But in other works, that is expected: in this one, it is supposed to be antithetical.

One allows a voice to the disturbing question: are we all just imitators?

Instead of boldly daring to seize the banner of our own inner work as it stands, and go forward remorselessly to live the work and carry it on into the future that it needs to grow and breathe in, there is a tendency to lean on stale books that date from the Victorian era, and to rely on established formulas.

Never, somehow, to reinvent everything anew and to dare to be different, to make a new effort of our own. 

Perhaps all of this is predicated on Mme.'s remark that one should never change anything unless one knows why one is changing it; advice that it's quite clear Gurdjieff never employed, since he changed things constantly and never seemed to get quite the result he wanted. If he had, he would have found a place that worked and settled in it; and he didn't.

 This idea of never changing anything is clearly an absurdity; and yet it has glued itself so firmly into the matrix that there are times when one feels one is living in cement,  not a work that lives and breathes in a new way in every moment. We need to bring today's work to today, not yesterday's; and this involves taking some chances, even if they turn out to be wrong.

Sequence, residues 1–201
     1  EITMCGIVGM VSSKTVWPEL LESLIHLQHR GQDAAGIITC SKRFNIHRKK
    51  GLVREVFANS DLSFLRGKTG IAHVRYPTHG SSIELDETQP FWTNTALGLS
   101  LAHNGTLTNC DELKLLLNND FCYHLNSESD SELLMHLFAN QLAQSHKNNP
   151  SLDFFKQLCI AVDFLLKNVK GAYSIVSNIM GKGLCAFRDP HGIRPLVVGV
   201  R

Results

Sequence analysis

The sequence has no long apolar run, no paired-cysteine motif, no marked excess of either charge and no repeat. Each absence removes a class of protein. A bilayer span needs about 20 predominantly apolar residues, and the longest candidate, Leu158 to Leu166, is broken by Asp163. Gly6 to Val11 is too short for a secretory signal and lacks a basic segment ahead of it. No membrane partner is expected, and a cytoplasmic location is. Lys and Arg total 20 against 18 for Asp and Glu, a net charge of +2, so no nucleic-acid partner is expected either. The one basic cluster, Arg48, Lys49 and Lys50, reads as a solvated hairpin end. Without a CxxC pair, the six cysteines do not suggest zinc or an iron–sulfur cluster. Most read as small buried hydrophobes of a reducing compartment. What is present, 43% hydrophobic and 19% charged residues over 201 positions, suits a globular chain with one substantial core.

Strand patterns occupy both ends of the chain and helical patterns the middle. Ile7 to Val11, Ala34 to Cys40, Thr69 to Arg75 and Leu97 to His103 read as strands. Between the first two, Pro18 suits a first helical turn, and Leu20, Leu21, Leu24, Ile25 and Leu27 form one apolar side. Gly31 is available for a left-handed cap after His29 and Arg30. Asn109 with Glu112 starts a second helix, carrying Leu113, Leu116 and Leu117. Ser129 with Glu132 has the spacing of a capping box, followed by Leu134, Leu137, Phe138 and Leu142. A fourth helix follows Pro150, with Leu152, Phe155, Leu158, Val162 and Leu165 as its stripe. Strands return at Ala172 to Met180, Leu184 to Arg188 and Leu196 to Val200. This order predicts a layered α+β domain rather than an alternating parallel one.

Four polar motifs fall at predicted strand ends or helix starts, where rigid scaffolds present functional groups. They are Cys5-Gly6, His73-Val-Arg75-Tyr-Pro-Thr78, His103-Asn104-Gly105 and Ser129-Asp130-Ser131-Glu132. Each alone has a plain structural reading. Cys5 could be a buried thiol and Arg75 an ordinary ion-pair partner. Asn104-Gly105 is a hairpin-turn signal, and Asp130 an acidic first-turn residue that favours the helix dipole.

A refusal to believe that we can, both collectively and as individuals, meet the needs of a real inner work today, is tantamount to casting off our responsibility to the tradition. It leaves us aping former teachers and grasping at straws to find a living way to bring this work to new generations. 

These are radically new times, with radically new things happening; the planet is at a crossroads poised somewhere on the knife edge between life and death; media has changed communication until it is unrecognizable compared to the time when the work emerged in society; young people have a new and different set of expectations on what kind of work they will encounter, how they will serve it, and how it may serve them. One might fairly say that more than a few venerable elders in this work have found themselves, so to speak, with their pants down around their ankles and no idea of how to pull them up. 

It is a position we are all in perpetual danger of inheriting.


If I intended to say anything at all on the subject, in the end, I would say that we should all be bold enough to change things and make our own mistakes, or we will never learn anything new.



  1. funny, i wish I had had even more confidence in that conclusion 30yrs ago, but u live and learn...a new world...and a new 'good news'.

  2. inevitably the question arises as to whether the G foundation (partic the frenchies like Mme's grandson Alexandre de Salzmann) are aware of the this fossilization - or are they still v. deep in their galoshes. They of course do have that mansion in central Paris to deal with